6. All PPE for any possible content contact will be provided to the First Responder units that serve the county. Any and all initial and continuing training deemed necessary by the First Responder units will be funded by the pipeline. The information of all possible contaminants, PPE and training must be completed before any content is moving through the pipeline. First Responders who serve the county must be informed of all the contents of the product in the pipeline at any given time. When the makeup of the contents is altered, the First Responders need to be informed 24 hours before such alteration, giving them time to review necessary methods needed to respond to any call involving the contents of the pipeline.
  7. There is currently no means to detect a slow leak of the pipeline contents. Therefore, testing of the wells, creeks, streams and rivers in Holt County at regular intervals (suchas quarterly) by a certified lab to check for BTX with the cost of such testing to be borne by the pipeline. If suspected contamination of the same is suspected by owners or operators of the land, or by agronomists, veterinarians or medical personnel, they may request and be granted the testing of the water by a certified lab with the costs to be borne by the pipeline.
  8. There should be funds in escrow to be used for the removal of the pipeline and reclamation of the easement and any other lands disturbed during removal of the pipeline.
  9. The crossing of established pastures, irrigated parcels, and land that would be economically or operationally hindered by the crossing is prohibited; the pipeline must be diverted to a perimeter of said parcel.
  10. The pipeline must not cross any tiled land as tiling is a major investment in the land. There are no guarantees that a “fix” to a tiled field would be sufficient. To that end, even if the landowner has not disclosed the tiling of a field, if a field is found to be tiled during construction of the pipeline, the pipeline must be diverted around said field.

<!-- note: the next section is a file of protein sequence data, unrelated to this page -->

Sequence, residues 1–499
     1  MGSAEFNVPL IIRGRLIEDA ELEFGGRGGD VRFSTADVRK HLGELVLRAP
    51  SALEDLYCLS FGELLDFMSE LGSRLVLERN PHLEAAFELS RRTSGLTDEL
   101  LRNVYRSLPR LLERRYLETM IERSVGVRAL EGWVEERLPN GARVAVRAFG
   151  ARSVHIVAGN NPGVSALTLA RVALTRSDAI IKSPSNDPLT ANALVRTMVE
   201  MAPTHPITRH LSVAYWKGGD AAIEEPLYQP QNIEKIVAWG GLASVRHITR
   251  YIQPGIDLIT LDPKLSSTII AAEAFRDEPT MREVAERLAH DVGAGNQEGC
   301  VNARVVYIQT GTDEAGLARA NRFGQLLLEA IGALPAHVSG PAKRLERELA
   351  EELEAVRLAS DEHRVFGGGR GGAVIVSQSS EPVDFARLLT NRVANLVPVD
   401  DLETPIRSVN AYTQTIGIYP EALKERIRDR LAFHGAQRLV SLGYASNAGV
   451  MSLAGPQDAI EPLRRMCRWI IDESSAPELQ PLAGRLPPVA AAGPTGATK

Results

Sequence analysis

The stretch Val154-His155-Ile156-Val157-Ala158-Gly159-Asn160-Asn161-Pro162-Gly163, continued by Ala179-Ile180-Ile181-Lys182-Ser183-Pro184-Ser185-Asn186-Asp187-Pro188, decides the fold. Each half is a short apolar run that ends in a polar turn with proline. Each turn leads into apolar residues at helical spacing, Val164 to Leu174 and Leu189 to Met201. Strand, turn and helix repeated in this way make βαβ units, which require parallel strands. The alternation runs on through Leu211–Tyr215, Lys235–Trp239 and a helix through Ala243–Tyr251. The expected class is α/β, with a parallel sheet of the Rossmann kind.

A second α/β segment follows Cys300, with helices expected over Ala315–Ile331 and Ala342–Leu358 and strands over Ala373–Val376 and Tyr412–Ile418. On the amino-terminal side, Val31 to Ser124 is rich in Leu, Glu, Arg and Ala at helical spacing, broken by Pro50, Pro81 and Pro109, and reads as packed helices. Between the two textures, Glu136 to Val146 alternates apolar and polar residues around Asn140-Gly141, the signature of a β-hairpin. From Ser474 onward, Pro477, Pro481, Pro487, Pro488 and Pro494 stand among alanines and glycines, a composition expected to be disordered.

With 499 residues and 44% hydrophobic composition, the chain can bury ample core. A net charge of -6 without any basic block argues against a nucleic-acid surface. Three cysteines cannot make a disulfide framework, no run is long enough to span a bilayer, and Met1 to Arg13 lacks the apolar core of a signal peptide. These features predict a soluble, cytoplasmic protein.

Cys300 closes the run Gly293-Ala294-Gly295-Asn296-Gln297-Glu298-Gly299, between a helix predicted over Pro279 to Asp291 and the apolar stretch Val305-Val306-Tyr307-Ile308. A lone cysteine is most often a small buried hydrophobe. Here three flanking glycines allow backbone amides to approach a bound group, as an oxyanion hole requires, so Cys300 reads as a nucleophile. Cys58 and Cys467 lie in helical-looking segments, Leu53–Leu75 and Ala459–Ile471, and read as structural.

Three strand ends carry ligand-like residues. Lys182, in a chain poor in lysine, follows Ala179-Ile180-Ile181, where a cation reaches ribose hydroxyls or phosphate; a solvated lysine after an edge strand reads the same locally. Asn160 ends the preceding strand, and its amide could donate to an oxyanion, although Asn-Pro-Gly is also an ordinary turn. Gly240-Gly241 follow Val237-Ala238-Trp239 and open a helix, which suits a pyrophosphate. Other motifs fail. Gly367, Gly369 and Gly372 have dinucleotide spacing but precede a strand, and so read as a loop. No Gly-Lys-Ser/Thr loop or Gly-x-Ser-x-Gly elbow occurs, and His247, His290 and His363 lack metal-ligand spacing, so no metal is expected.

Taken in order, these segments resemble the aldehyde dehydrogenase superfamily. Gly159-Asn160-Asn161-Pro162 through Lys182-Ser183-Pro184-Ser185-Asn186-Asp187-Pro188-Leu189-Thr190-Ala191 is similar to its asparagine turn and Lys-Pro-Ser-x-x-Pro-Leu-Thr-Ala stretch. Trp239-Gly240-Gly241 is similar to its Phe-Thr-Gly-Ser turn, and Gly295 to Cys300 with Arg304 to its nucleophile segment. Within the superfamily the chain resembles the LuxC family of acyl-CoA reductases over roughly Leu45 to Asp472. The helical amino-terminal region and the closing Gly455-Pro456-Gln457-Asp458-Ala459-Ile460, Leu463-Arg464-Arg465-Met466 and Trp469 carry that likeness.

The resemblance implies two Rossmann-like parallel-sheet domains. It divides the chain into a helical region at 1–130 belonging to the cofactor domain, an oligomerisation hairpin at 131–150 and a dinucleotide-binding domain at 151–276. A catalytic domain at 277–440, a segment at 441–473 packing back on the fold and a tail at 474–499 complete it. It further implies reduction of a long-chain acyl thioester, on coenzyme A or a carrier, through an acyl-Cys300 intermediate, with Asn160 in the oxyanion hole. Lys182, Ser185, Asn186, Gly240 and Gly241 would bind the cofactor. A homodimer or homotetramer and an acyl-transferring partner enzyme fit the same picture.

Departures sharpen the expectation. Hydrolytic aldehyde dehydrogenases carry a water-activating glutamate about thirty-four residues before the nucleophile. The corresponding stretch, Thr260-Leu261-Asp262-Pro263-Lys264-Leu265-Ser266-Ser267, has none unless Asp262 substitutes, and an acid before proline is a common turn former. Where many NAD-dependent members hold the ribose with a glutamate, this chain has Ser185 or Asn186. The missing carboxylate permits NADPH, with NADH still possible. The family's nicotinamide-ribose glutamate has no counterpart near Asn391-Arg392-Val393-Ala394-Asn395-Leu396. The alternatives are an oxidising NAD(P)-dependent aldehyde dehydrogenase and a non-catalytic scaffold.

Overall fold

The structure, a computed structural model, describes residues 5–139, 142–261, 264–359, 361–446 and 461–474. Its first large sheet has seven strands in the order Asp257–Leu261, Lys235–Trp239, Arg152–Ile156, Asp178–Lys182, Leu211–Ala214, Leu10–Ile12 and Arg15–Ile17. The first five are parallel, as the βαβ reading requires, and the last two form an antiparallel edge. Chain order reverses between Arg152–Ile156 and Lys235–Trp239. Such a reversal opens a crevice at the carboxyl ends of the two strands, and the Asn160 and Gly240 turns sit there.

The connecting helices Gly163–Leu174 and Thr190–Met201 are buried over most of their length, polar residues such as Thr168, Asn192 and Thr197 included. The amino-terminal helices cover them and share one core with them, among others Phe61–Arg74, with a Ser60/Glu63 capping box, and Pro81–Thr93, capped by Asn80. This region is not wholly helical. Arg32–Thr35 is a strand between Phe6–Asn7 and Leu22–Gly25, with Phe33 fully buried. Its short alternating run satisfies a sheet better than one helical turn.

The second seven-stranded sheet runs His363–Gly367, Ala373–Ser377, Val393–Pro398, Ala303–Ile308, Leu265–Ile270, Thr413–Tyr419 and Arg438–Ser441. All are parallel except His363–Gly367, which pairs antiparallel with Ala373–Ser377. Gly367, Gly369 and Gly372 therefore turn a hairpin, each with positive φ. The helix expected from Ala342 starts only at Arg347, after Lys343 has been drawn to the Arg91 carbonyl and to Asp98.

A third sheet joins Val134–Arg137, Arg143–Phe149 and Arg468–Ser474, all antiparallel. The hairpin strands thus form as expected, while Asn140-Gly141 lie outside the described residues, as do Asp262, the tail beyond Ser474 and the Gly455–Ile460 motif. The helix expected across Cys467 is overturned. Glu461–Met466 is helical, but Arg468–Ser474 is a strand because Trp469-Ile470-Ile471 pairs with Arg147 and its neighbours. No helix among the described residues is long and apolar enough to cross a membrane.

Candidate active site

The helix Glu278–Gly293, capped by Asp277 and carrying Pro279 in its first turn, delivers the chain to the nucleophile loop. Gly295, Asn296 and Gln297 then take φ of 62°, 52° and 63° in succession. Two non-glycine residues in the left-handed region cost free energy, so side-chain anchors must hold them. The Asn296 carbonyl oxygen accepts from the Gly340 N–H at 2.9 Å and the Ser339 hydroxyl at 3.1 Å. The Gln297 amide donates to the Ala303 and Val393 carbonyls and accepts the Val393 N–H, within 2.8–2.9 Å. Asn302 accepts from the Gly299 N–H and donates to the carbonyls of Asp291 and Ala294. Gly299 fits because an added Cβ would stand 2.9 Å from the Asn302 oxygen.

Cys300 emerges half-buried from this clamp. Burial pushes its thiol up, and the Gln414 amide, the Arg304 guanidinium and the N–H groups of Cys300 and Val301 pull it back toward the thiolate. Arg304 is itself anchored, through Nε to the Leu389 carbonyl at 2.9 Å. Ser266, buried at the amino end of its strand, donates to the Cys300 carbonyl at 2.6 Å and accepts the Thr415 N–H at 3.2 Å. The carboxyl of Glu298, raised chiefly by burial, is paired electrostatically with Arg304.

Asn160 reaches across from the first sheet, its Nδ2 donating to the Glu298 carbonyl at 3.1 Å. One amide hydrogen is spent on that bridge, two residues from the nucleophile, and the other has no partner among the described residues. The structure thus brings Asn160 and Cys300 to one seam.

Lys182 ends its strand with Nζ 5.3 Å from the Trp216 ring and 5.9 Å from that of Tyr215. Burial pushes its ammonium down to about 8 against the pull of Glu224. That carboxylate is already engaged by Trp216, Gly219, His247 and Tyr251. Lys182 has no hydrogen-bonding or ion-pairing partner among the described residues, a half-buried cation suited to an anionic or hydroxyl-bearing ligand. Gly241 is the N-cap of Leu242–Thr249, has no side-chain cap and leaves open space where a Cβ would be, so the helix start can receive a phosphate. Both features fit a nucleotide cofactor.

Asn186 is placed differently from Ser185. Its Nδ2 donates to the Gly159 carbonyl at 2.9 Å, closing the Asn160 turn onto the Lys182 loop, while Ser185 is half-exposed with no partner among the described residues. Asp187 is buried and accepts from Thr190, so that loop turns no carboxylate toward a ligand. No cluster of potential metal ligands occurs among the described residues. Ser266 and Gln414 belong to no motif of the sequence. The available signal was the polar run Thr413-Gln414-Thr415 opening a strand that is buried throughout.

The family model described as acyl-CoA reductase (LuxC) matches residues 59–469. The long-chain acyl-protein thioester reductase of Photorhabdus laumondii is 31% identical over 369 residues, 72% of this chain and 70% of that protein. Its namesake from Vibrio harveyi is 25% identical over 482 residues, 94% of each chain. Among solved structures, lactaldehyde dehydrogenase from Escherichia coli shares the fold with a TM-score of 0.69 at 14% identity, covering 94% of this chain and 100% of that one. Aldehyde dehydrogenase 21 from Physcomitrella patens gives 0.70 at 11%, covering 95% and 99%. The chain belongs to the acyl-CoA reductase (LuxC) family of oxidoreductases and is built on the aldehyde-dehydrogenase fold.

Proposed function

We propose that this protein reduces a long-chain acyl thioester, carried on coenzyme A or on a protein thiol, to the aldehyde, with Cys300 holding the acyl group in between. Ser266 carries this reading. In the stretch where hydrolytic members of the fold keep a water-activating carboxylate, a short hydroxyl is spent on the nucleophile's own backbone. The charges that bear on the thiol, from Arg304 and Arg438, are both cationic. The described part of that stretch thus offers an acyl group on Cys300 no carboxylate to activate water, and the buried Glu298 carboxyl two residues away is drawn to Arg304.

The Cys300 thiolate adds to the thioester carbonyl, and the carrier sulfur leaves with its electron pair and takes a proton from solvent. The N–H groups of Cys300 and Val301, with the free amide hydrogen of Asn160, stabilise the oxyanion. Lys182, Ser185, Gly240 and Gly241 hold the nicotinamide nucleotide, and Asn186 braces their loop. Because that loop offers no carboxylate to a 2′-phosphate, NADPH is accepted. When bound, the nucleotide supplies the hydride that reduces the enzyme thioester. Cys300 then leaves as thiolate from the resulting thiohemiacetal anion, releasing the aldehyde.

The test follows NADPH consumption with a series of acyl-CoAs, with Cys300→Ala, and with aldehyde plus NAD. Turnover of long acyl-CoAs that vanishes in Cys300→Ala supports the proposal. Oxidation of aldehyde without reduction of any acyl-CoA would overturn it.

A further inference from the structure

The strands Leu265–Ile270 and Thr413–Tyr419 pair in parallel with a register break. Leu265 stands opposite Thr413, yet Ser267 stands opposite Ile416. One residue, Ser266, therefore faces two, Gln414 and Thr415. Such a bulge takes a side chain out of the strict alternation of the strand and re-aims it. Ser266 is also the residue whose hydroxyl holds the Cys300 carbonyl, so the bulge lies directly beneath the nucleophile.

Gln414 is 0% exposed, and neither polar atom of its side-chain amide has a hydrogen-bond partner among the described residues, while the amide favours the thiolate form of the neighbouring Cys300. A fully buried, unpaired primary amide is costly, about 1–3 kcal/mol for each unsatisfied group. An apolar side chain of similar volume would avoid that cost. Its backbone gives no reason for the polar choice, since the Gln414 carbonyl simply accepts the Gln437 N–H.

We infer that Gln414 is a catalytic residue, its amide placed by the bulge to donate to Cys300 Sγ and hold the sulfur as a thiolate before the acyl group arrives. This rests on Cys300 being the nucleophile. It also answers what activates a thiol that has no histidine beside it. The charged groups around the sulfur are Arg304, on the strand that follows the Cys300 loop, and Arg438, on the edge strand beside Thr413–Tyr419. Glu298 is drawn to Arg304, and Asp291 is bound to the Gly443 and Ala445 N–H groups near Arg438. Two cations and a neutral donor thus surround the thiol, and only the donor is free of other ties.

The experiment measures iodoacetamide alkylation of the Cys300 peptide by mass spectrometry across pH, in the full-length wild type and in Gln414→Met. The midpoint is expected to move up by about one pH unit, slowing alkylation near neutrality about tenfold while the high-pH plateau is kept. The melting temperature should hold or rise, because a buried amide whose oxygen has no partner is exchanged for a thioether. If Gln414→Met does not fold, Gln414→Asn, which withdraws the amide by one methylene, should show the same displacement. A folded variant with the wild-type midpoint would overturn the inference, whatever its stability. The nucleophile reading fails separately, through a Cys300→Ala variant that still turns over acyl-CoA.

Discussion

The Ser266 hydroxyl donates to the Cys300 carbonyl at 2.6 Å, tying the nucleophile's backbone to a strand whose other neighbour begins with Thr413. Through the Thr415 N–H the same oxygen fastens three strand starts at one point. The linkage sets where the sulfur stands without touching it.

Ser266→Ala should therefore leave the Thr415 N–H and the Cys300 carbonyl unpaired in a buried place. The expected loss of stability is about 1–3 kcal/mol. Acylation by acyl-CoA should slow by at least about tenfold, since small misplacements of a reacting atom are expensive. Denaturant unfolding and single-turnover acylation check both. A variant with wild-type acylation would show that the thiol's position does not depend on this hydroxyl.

11. The pipeline must not cut through established shelterbelts as that lessens the effectiveness of the shelterbelt to livestock and soil erosion.
  12. All pipe, new and stored, must be inspected and found to free of defect before being laid.
  13. If the pipeline uses the local electric companies for any phase of construction or operation, the local electric company needs to ensure the Holt County Board of Supervisors that their policy reflects that any reduction of service necessary will reduce electricity to the pipeline before any reduction for agriculture is required.
  14. Clean up of any spill on land must ensure the land is not littered with “filler” such as concrete or rock and must be restored with soil consistent with pre-spill soil along the pipeline easement.
  15. There are funds in escrow to fund any increased costs in law enforcement during the construction of the pipeline, including security deemed necessary by the county for any work camps or temporary residences of pipeline construction personnel as well as costs associated with any increase in crime.